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Farming and landowning: beating the Brexit blues

10 November 2017

 

Farming in the UK faces an uncertain future as Britain leaves the EU, but there are ways to future-proof.

The EU Common Agricultural Policy currently gives around £3 billion a year in support to British farming, underpinning the revenues of many estates; and the government has guaranteed to do the same until 2022. But not beyond.

Whilst leaving unclear how much money the sector will receive from the Treasury after Brexit, the government has given clues about where much of it may go.

For example, Michael Gove, the Environment Secretary, has talked of prioritising “good environmental practice” rather than “rewards” to size of landholding. There is also a sense that the industry will be encouraged to stand more firmly on its own financial feet.

Many of our clients are estates and landowners in the UK; we are recommending action now with a checklist for owners and their advisers.

Richard Crane, who specialises in farms and estates at our Cambridge office, says: “We may not know what changes there will be, but what is absolutely certain is that they are coming. But whilst we are entering a challenging period, it is also one with opportunities for those prepared and in a position to take them.”

Our key recommendations

  • Invest in management skills. Either your own or those of key employees. The era of managing on a bed of support is ending. To prosper will require a sharp business focus. Estates, farm owners and management should invest in themselves first.
  • Examine balance sheets. Interest rates remain at historic lows. This is an opportunity to pay down debt either by realising assets, taking advantage of the weak pound and firm land values, or to secure long term debt financing at favourable rates to help your business resilience in the upcoming turbulent times.
  • Diversify into non-agricultural revenue streams. These can include anything from converting buildings for business or holiday rents, creating a ‘glamping’ site, or creating space for commercial storage.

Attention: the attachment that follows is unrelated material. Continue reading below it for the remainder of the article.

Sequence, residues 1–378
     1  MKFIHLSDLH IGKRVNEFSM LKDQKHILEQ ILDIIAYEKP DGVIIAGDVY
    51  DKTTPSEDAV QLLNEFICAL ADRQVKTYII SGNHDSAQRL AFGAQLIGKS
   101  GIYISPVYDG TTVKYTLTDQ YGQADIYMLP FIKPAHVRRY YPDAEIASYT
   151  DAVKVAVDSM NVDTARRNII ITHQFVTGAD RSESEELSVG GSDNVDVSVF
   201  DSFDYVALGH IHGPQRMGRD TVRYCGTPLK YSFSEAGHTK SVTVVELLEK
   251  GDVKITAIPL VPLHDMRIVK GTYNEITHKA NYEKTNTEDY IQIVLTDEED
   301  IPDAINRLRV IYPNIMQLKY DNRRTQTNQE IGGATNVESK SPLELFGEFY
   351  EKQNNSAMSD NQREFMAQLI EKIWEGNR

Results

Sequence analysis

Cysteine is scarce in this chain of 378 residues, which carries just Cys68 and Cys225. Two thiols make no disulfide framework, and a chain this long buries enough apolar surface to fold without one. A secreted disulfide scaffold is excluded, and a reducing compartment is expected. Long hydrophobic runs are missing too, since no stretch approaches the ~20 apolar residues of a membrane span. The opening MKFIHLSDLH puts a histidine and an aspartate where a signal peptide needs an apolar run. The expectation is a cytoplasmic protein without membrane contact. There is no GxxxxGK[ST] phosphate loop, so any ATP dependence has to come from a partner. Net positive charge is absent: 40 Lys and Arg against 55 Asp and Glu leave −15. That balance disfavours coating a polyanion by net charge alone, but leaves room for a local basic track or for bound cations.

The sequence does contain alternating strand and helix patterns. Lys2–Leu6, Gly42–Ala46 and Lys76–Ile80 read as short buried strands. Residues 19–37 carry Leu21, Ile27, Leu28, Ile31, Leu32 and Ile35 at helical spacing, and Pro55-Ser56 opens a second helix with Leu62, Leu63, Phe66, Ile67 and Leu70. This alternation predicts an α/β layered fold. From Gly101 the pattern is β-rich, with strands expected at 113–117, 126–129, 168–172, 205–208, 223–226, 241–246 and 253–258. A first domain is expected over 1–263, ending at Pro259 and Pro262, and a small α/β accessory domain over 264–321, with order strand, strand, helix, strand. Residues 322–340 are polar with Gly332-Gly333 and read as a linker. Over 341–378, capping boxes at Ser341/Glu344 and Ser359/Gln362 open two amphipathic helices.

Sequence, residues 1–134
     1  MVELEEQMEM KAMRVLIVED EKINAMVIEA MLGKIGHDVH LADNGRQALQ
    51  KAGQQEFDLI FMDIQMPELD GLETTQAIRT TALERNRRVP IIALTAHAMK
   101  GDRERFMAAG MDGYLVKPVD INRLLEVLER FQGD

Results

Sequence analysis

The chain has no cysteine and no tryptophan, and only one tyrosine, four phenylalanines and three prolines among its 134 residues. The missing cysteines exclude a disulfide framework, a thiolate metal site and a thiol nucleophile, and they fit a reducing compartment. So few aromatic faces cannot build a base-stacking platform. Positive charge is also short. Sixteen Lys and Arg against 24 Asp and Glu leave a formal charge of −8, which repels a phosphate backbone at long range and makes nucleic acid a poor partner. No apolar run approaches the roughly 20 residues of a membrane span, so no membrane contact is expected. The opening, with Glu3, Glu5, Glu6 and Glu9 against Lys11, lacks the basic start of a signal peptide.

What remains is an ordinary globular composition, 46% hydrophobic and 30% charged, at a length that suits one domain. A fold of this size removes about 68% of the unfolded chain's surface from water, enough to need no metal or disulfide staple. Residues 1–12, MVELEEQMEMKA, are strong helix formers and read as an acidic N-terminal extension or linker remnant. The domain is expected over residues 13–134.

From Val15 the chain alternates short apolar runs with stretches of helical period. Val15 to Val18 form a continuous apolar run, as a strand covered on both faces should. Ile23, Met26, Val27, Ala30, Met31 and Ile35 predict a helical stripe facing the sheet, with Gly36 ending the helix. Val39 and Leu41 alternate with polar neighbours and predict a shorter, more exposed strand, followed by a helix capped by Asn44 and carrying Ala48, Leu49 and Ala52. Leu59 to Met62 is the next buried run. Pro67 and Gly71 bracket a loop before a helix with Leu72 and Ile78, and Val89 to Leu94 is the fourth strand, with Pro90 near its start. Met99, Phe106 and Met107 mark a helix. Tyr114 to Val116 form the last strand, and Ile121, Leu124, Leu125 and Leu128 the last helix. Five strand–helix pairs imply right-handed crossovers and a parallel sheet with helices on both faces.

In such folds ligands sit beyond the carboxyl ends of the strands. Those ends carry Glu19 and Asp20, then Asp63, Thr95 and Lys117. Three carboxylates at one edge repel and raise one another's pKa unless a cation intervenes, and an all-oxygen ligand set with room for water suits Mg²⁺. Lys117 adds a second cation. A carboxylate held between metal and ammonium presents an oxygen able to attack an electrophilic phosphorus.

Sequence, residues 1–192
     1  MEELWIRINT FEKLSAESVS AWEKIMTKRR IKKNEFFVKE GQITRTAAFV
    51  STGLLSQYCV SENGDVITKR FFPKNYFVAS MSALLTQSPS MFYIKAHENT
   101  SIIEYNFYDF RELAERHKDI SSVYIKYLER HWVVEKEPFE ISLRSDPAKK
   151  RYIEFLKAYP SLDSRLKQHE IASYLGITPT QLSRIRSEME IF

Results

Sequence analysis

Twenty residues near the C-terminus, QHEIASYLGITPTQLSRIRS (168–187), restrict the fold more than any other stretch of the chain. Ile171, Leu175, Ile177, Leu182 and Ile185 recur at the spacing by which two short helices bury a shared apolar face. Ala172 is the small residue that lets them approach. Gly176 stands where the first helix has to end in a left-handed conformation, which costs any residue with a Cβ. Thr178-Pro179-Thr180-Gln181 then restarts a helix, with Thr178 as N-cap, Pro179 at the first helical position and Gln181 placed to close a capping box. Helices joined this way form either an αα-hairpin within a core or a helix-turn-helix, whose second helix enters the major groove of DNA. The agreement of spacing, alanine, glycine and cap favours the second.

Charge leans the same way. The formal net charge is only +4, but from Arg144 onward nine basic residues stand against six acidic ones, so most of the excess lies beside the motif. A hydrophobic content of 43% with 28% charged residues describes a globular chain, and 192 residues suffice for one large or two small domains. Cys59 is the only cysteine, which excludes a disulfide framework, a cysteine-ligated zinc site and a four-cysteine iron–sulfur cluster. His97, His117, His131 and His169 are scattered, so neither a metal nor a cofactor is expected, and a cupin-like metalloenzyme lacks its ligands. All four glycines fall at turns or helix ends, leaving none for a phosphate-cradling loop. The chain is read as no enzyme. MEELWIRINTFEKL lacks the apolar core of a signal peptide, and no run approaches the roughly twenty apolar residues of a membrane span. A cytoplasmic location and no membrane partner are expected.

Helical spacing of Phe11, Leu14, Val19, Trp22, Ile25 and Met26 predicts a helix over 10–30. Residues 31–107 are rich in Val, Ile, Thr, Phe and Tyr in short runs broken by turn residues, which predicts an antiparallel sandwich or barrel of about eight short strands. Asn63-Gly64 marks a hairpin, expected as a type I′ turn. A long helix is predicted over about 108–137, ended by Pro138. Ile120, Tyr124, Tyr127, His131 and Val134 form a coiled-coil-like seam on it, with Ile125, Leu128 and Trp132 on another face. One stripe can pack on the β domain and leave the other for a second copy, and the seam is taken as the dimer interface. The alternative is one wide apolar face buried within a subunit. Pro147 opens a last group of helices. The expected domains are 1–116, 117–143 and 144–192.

• But be careful. The wrong diversification can upset the capital tax balance. It is important to ensure that the bulk of activity being generated is clearly from traditional farming or trading activities or risk losing important reliefs, including from inheritance tax.
  • Focus on operational excellence to increase yields. Most of UK agriculture is still commodity based. To succeed, you need to produce at the lowest unit cost. Yields are the key to driving this down.
  • Get closer to the consumer. The fewer people in the supply chain between product and price paid, the better for revenue. This could involve exploring online consumer channels.
  • Look for opportunities to produce crops or food that is currently imported. These may already be increasing in price due to the fall in the value of Sterling.
  • Think hard about succession planning. There could be 10 years of economic turbulence ahead. Work through any awkward inheritance issues now whilst the going is good. Put those with drive and energy in charge.
  • Build up a ‘war chest’. Brexit could hit land values. This will be a good opportunity to buy.
  • Consider joint ventures for all or parts of the business to defray costs. There may also be a case for outsourcing some production.
  • Be green. The government has made clear a national future support regime will put an emphasis on environmental protection. This could include enhanced public access, with implications for privacy. It makes sense to start working on a ‘green;’ strategy now to be ready for the changeover after 2022.

If you’re a farmer or rural landowner facing Brexit uncertainty, our experts can help you with future-proofing. For more information, please get in touch with your usual BKL contact or use our enquiry form.

This article was first published by eprivateclient. It is available to subscribers via the eprivateclient website.